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FAITHFUL SERVANT: Alan Mulhall of Offaly during the 2016 Leinster SFC
clash with Longford in O’Connor Park, Tullamore. Photo: SPORTSFILE

FAITHFUL SERVANT: Alan Mulhall of Offaly during the 2016 Leinster SFC clash with Longford in O’Connor Park, Tullamore. Photo: SPORTSFILE

SPORTSFILE

FAITHFUL SERVANT: Alan Mulhall of Offaly during the 2016 Leinster SFC clash with Longford in O’Connor Park, Tullamore. Photo: SPORTSFILE

Google 'Alan Mulhall Offaly GAA' and you might be surprised what your search engine throws up.

It won't be a spectacular save, cheered on by thousands - but rather an outrageous goal, witnessed by very few.

The wonders of camera phone technology and social media would change all that.

"I don't mind that!" the former Offaly goalkeeper chuckles, when it's suggested he will always be associated with a goal he scored, not one he saved.

Mulhall was a poacher turned 'keeper who, when needs must, became a poacher once more in thunderbolt fashion.

It came in August 2017 during the Offaly senior 'B' football championship. Walsh Island were trailing a relegation-threatened St Brigid's of Croghan by three points with time virtually up in Daingean.

Cue a 13-metre free-in. Cue a goal-line wall that Donal Trump could only envy, comprising seemingly the entire St Brigid's team.

Picture the scene of apparent futility. You simply have to go for it, while accepting the pointlessness of it all. As Mulhall, playing full-forward on the day, recalls: "Even the referee kind of laughed at me when I asked him what was left? He said, 'This is it.'"

At this stage we recommend our old friend, Google, to see the roofed howitzer with your own two eyes … and the disbelieving reaction of the Walsh Island faithful just as the shrill blast of the final whistle punctures the air.

Mulhall's torpedo of a right boot had saved the day. "We got the draw," he recounts, "and it put the team we were playing into the relegation play-off and us through to the quarter-final."

Happy days.

* * * * * * * * * * * * * *

Fast-forward almost three years and life has moved on. Mulhall retired from inter-county football at the end of 2018 after a long, meandering career. He was first promoted to the senior panel in '01, as an outfield player; featured on-and-off up until '08 when he made his SFC debut as a forward sub; and then became a full-time 'keeper for the Faithful from '09 onwards.

The 37-year-old Leinster Council employee still eats, sleeps and breathes football - and hurling. He is provincial games development manager for north Leinster, covering Louth, Meath, Kildare, Longford and Westmeath.

James Devane of Kildare has the same brief for south Leinster, covering Offaly, Laois, Carlow, Kilkenny, Wicklow and Wexford; Dublin is treated as a standalone entity.

Mulhall's job has been rendered far more challenging during this unprecedented lockdown, but he's hugely encouraged by how the staff on his watch - some 57 games development administrators (GDAs) and games promotion officers (GPOs) - as well as all the clubs they work with have embraced online learning.

Strong

Moreover, he is convinced that players won't be lost to the GAA once the current crisis has abated.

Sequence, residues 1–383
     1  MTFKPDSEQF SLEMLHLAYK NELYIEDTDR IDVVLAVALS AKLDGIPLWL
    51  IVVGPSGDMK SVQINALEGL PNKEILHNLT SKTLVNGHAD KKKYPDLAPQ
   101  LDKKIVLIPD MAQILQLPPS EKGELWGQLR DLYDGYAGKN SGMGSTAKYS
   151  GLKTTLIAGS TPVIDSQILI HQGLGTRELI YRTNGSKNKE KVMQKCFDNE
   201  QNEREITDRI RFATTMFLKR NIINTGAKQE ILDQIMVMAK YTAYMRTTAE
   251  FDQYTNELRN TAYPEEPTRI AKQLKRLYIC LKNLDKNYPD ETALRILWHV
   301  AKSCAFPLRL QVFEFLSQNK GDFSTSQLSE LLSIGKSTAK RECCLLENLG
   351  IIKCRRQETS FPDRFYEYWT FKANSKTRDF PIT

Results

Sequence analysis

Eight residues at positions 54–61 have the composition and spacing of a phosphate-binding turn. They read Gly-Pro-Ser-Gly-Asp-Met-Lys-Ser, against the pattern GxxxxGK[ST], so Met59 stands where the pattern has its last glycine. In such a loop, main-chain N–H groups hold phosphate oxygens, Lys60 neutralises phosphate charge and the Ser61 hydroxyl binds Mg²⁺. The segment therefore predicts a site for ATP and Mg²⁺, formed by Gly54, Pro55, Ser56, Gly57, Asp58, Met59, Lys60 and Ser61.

"I wouldn't be fearful of that at all," he insists. "I feel that the GAA is a strong enough community-based organisation so that, when the GAA starts back up, it's going to be nearly the same as before. Everyone is going to just get back up and start playing.

"Okay, there will be the fears around Covid-19. But I can't see us losing too many players to other sports, if they get back ahead of us.

"I think it's such a community-based (organisation), particularly around rural Ireland where everyone knows who's eligible, who's underage and who's able to play.

"They're able to go to the door and just give them a shout … I don't think that will be an issue for us."

Resolving the paradox of social distancing in a contact sport is "the biggest challenge," he accepts. "We could devise training sessions and different things, but what we're all about is our games. No one wants to be training for no reason or doing different activities without the opportunity to get to play a proper game.

"We're going to have to learn to live with this," he continues, "and we don't know what 'normal' is going to be by the 20th of July. So, people will get used to it and get used to different elements. I just think playing the matches is the only difficulty really."

While stressing that he is "no medical expert", Mulhall can foresee an inter-county championship happening towards the end of 2020. "If it's any way possible at all, the GAA are going to put on a championship, both at club and county," he declares.

Question is, even if the Leinster SFC returns, will it be a championship in the true, competitive sense?

Mulhall's own county career coincided with an era of near-total Dublin domination of the eastern province.

He doesn't disguise the obvious fact that Dublin look "very, very strong" but he's adamant, from his own work at the coalface, that "it's only a matter of time before some of these counties make a breakthrough.

"And I'm not just talking about your Kildares or Meaths who have really strong tradition and a large population. It's the other counties that are knocking on the door as well. They're getting closer to getting to minor finals and U20 finals."

There speaks a man who has beaten the odds - and an impregnable wall.